War of the Rebellion: Serial 118 Page 0746 PRISONERS OF WAR AND STATE, ETC.

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was that they were confined in Fort Norfolk under recent orders from the Secretary of War.

Respectfully, your obedient servant,

RO. OULD,

Agent of Exchange.

WAR DEPARTMENT, Richmond, Va., June 5, 1863.

Lieutenant Colonel WILLIAM H. LUDLOW, Agent of Exchange.

SIR: You seem to have misunderstood me in relation to the cases of Captains Corbin and McGraw. I did not ask for detailed information to be "prepared. " I asked for the records. You refer to the case of Captain Webster. In his case I offered to produce the record for your inspection but you expressed no desire to see it. If you have any such desire now I will immediately produce it upon notice. I will not give you a copy but show you the original and furnish you a copy at the same time. I understood you were satisfied with our proceedings in his case. If you want the record say so and it will be furnished.

If any person in our Confederacy with its means of intercommunication is so unfortunate as to be subjected to the penalty of death by judgment of a court-martial and you call for the record I will not wait one month for "detailed information" to be "prepared. " More especially will it be so when the proceedings and findings are approved by our President and the record thus necessarily be brought under his notice.

I again respectfully ask you will you produce the records in the case of Captains Corbin and McGraw?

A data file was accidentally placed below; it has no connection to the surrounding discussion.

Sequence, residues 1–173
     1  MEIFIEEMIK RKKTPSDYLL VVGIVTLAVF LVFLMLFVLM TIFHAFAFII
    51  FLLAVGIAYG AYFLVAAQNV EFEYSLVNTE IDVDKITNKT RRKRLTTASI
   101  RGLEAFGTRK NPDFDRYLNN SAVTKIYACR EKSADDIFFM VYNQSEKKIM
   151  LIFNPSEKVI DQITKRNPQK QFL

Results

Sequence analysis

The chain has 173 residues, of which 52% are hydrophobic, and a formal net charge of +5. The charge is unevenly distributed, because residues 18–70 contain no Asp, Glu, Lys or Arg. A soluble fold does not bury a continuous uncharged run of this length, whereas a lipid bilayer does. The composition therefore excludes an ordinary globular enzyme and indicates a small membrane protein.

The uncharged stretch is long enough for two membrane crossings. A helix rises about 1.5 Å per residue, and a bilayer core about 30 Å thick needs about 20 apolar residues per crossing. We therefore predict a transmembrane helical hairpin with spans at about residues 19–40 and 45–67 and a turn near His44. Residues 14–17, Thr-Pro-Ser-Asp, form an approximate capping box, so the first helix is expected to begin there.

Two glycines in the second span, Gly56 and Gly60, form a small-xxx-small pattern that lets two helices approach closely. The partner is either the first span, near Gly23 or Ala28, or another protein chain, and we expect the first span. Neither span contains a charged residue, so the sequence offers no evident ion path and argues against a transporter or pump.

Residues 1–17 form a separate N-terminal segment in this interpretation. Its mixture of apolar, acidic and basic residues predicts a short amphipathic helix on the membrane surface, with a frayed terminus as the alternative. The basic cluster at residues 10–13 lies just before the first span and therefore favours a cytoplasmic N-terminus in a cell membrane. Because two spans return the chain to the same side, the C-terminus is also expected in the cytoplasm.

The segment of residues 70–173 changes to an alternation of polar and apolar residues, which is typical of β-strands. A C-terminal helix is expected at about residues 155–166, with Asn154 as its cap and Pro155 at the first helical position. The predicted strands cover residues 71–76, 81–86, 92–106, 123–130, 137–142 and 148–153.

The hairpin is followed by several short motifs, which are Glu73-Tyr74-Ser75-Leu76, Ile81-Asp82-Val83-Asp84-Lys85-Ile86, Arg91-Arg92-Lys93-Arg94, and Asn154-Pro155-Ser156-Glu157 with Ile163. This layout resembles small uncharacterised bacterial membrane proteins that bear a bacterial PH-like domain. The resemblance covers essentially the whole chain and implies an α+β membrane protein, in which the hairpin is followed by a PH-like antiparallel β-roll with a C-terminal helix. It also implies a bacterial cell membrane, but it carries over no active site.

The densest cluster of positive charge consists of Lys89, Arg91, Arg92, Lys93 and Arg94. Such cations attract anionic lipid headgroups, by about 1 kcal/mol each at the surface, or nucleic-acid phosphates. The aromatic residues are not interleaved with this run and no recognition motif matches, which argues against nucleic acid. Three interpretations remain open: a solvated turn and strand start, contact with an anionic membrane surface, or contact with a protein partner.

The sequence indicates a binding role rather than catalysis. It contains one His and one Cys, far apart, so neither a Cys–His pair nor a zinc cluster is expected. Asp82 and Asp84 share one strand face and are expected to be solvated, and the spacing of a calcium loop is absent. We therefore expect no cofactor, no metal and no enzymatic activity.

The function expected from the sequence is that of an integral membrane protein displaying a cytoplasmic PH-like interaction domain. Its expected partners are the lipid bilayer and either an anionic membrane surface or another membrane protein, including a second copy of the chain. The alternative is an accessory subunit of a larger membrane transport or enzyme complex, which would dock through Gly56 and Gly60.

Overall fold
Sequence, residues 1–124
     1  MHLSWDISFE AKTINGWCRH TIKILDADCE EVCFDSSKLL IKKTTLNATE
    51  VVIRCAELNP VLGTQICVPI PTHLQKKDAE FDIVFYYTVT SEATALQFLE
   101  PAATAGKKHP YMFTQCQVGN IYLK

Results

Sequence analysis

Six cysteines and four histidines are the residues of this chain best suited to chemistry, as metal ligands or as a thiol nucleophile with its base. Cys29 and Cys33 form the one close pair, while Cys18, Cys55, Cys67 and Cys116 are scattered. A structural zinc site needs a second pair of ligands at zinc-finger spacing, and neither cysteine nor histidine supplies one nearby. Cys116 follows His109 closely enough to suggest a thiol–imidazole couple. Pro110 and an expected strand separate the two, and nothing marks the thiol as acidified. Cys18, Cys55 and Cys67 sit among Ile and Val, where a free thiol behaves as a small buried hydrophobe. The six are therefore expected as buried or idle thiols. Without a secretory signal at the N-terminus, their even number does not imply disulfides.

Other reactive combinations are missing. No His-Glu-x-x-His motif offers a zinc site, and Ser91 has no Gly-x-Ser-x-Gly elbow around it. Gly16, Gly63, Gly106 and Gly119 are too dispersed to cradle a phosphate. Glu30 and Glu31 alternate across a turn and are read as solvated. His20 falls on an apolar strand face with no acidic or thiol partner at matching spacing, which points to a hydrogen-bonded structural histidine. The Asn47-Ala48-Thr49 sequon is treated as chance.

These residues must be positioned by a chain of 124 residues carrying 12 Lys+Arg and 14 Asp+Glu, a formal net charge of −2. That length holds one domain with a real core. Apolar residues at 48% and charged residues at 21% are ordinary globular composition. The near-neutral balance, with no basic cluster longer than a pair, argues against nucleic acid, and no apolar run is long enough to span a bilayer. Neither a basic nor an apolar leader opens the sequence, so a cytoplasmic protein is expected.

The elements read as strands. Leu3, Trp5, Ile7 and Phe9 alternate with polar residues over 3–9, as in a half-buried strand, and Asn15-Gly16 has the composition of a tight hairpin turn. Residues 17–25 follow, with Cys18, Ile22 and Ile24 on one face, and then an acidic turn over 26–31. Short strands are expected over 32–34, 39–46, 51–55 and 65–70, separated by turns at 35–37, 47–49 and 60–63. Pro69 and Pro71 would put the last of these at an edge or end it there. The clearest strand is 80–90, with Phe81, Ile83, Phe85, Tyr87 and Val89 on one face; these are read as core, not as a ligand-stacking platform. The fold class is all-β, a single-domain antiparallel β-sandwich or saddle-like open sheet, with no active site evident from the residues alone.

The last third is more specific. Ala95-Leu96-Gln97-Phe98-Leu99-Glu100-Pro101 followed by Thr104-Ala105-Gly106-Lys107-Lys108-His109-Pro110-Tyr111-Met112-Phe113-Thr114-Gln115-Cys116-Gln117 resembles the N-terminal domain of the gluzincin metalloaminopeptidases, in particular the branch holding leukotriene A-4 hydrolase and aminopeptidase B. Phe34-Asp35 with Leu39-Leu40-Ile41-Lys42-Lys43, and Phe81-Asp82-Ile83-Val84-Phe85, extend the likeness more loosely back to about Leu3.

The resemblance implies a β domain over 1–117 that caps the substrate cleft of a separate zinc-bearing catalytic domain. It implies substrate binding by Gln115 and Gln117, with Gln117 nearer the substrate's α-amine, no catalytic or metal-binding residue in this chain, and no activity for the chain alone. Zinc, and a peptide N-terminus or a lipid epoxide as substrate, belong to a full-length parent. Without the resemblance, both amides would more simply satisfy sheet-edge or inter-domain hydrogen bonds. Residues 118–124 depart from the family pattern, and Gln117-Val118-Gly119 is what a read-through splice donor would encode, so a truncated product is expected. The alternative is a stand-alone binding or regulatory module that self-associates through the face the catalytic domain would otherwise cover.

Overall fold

Respectfully, your obedient servant,

RO. OULD,

Agent of Exchange.

RICHMOND, June 5, 1863.

Lieutenant Colonel WILLIAM H. LUDLOW, Agent of Exchange.

SIR: In one of your communications of the 2nd you refer to the correspondents of the press and say it has been the practice "to treat them as non-combatants and not to retain them. " I have been struggling for nearly twelve months to establish just such a rule as to non-combatants without success. The only difficulty I meet was in your consent.

When was the rule established that non-combatants were not to be retained? What was the date of its adoption by Burnside or Rosecrans or Milroy? What peculiar immunity should the correspondents of the Tribune have over an old gray-headed grandfather who never shouldered a musket or followed in the wake of an army? Wherein are they privileged over delicate and noble-souled women who are either languishing in your prisons or "released" to the rigors and dangers of the wilderness?

It seems to me that if any exception be made as to any non-combatants it should be against such men as the Tribune correspondents who have had more share even than your soldiery in bringing rapine, pillage and desolation to our homes. I have no compassion for any such, even if their miseries were ten-fold greater. You ask why I will not release them. 'This because they are the worst and most obnoxious of all non-combatants. Yet bad as they are, deeply as they have wronged and outraged us, they will be released if you will only discharge from imprisonment men and women "the latches of whose shoes they are unworthy to unloose. "